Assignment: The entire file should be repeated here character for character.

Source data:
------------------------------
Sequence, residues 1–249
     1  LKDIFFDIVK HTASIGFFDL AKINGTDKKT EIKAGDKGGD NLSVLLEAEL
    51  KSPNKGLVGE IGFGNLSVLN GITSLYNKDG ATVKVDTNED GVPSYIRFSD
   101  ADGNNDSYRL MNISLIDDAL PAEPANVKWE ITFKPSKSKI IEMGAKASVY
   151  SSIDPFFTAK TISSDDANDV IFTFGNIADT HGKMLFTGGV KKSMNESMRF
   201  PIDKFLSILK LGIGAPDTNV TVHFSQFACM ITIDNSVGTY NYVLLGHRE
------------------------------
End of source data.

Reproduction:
Sequence, residues 1–249
     1  LKDIFFDIVK HTASIGFFDL AKINGTDKKT EIKAGDKGGD NLSVLLEAEL
    51  KSPNKGLVGE IGFGNLSVLN GITSLYNKDG ATVKVDTNED GVPSYIRFSD
   101  ADGNNDSYRL MNISLIDDAL PAEPANVKWE ITFKPSKSKI IEMGAKASVY
   151  SSIDPFFTAK TISSDDANDV IFTFGNIADT HGKMLFTGGV KKSMNESMRF
   201  PIDKFLSILK LGIGAPDTNV TVHFSQFACM ITIDNSVGTY NYVLLGHRE